IEA releases a critique of rent control proposals
Rent controls are increasingly popular and firmly back on the political agenda. But contrary to popular belief, imposing price controls would do nothing to solve the housing crisis. Instead their imposition would simultaneously increase demand whilst reducing supply, pushing up living costs.
High rents are a consequence of a lack of supply in housing and act as a signal that we need to build more homes. Price controls will do nothing to help this. Worse still, because they would reduce rental incomes for landlords, many may leave the rental market. At the same time, cheaper prices would encourage more tenants to enter the market in the belief that there is a healthy supply of houses available. If high rents send the message that we have a housing crisis, implementing rent controls would be worse than shooting the messenger.
A new report from the Institute of Economic Affairs sets out the causes of the UK housing crisis, the ripple effects it has had on the whole economy and why rent controls would only exacerbate the problems.
The housing crisis and its effects
- Organised Nimby opposition to development has become more entrenched and more effective in capturing the planning process.
- Housebuilding rates have been severely declining.
- As a result of extortionate property prices, retail prices have also increased – for example grocery prices in the UK are a fifth higher than in comparable countries.
- Labour mobility is curbed by high property prices which in turn hurts the economy.
- Housing Benefit now costs the taxpayer £800 per household every year – that’s over twice as much as it did in the early 1990s in real terms.
- High property prices have also undermined people’s ability to save.
- The main driver of the housing crisis the UK’s highly restrictive planning system.
- 35% of the average house price can be directly attributed to planning restrictions and far more than that in London and the South East.
Why rent controls aren’t the solution
- High rents are merely an indicator of the fact that we do not have enough housing – imposing a price control provides no solution for this
- Rent controls will force marginal landlords – who without a certain level of monetary incentive may not rent out their rooms or property – out of the market. Simultaneously it will encourage tenants who either did not need to rent or could not afford to, to join the market.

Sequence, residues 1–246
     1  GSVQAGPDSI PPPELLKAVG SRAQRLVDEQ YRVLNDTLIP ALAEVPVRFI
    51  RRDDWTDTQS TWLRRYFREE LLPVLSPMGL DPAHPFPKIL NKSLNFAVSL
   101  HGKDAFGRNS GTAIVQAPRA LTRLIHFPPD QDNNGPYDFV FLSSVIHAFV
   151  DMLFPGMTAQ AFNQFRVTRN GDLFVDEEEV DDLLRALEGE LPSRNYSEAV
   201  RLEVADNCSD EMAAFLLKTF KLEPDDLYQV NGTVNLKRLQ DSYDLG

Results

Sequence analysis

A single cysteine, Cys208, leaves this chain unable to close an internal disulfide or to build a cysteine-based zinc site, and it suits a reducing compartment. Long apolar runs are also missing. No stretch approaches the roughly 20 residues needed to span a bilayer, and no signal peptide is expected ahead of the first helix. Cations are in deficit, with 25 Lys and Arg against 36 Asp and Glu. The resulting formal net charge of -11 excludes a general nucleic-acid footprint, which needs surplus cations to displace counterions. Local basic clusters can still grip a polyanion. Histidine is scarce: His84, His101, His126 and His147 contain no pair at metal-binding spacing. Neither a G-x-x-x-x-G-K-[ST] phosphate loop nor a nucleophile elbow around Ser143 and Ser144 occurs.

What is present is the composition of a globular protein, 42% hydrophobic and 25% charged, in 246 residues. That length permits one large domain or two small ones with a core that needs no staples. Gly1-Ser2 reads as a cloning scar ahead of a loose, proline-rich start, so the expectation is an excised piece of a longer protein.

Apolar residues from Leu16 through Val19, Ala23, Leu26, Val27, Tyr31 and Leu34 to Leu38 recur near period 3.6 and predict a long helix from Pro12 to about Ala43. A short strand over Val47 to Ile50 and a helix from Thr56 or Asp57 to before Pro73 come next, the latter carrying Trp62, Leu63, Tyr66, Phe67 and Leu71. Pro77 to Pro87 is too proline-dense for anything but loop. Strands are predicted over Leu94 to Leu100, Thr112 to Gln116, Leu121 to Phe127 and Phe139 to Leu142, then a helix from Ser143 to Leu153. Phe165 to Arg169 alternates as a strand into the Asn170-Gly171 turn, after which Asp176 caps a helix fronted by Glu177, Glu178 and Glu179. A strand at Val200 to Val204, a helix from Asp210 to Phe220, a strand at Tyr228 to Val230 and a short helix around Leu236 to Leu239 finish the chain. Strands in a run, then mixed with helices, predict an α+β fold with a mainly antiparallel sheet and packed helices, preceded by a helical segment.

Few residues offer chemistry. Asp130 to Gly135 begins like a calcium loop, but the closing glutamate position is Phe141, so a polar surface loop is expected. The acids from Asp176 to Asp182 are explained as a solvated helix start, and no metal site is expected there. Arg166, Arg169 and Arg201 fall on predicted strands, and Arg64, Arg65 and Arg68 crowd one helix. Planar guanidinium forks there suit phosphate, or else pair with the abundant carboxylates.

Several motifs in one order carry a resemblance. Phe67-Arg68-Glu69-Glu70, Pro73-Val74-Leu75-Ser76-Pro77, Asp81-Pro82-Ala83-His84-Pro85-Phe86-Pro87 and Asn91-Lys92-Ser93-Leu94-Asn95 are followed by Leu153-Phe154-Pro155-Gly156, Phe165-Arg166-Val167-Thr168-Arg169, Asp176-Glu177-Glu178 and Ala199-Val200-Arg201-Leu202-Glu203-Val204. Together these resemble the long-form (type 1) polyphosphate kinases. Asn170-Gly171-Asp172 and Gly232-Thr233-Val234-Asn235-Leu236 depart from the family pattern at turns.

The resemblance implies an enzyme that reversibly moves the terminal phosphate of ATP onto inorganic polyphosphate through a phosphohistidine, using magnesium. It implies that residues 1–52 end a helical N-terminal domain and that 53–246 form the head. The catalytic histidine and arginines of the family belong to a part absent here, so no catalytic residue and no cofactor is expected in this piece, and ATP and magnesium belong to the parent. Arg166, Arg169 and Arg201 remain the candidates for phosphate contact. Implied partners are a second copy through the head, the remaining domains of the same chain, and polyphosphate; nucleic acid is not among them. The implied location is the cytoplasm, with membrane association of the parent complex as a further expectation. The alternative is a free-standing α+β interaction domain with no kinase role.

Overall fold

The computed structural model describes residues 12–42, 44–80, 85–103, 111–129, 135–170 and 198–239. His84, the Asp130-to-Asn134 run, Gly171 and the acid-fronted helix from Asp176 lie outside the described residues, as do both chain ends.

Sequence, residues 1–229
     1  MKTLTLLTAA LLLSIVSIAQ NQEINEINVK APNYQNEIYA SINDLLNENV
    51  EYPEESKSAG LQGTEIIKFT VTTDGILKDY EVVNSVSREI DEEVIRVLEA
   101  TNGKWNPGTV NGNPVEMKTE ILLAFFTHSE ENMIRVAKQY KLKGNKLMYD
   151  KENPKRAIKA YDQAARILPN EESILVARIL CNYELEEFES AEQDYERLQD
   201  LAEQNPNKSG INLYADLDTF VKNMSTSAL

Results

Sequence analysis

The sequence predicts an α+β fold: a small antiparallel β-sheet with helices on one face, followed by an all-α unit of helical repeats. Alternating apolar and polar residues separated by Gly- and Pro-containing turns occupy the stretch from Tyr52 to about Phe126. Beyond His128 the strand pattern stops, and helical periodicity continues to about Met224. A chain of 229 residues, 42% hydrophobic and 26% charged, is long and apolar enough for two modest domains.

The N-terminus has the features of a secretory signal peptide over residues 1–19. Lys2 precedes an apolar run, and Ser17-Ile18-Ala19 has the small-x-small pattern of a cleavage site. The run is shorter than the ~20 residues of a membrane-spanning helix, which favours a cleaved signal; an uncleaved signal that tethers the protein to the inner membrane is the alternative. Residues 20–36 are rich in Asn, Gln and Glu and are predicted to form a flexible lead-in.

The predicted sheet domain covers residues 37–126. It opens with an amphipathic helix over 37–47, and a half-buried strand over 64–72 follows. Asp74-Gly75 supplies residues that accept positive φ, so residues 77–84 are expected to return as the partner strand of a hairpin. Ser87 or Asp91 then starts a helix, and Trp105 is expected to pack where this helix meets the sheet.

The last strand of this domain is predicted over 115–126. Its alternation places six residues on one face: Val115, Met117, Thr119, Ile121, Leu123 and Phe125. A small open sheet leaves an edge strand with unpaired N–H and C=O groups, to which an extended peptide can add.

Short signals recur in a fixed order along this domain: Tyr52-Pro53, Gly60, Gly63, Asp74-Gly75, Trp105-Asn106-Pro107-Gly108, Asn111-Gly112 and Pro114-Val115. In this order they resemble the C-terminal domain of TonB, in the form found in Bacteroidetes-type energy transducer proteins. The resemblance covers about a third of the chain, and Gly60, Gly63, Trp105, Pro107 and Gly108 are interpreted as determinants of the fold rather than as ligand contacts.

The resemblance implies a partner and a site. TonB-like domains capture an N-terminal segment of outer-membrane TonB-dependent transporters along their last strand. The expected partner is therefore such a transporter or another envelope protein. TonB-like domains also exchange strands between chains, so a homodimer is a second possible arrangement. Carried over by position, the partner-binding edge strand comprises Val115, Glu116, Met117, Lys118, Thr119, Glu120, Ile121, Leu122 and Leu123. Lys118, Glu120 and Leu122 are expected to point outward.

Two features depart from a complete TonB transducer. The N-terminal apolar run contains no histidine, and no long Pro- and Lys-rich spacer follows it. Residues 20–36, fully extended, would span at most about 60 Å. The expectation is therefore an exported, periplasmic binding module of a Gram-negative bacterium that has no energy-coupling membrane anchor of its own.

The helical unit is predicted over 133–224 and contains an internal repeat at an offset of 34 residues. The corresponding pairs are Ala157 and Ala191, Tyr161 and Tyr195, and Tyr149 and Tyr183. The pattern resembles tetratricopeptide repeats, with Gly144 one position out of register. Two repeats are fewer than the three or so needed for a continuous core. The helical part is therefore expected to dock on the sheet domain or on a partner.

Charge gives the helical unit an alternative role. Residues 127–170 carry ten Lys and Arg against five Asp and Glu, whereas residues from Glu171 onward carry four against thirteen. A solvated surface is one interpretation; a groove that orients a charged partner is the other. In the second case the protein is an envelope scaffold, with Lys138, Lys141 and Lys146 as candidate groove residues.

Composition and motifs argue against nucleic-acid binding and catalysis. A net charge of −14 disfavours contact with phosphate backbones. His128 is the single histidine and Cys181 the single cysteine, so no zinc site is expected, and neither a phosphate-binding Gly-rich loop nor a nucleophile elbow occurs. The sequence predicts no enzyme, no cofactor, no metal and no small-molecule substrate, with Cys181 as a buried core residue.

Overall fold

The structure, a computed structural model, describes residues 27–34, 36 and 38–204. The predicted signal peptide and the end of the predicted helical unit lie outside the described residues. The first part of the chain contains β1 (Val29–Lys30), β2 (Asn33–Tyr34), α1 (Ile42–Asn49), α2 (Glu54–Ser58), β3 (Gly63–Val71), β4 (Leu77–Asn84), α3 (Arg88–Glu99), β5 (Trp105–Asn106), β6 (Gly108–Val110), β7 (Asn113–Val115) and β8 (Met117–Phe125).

- This will result in a reduction in the supply of properties to rent, increase demand for them & therefore lower quality.
- In Germany rent controls are not as damaging because they have a vastly more liberal planning regime than the UK, there are no greenbelts or Nimby groups
- As a result, Germany was building more than double the amount of housing units per 10,000 inhabitants than the UK in the mid-1990s
- Germany only introduced rent controls a year ago and they have so far not had any measurable effect and have certainly not been a success
Then what is the solution?
- Ownership of land should include the right to build on it, unless specifically prohibited
- Greenbelt status should be abolished and replaced with a system in which land is protected selectively on the basis of its environmental quality and amenity value
- Economic incentives around housebuilding must change. For example local authorities should receive most of their revenue from a local income tax and land value tax. This would mean the increase in land value when planning permission is issued would be fully retained locally incentivising the issue of more permits.
Commenting on the report, author Dr Kristian Niemietz, Head of Health and Welfare at the Institute of Economic Affairs said:
“The housing crisis is borne out of, and perpetuated by, the severe lack in supply of houses. Trying to tackle this problem by imposing rent controls will do nothing to address the root of the problem and will only cause adverse effects for landlords and prospective tenants alike.
“The housing crisis has become the single most important driver of poverty in the UK and so it is crucial that policymakers look to improve affordability by scrapping restrictive planning schemes and encouraging development. An increase in supply of houses will allow house and rent prices to fall – much more so than any government-set price.”
Notes to editors:
For media enquiries please contact Nerissa Chesterfield, Communications Officer: [email protected] 020 7799 8920 or 07791 390268
The full report, The Key to Affordable Housing, by Dr Kristian Niemietz, can be downloaded here.
The mission of the Institute of Economic Affairs is to improve understanding of the fundamental institutions of a free society by analysing and expounding the role of markets in solving economic and social problems.
The IEA is a registered educational charity and independent of all political parties.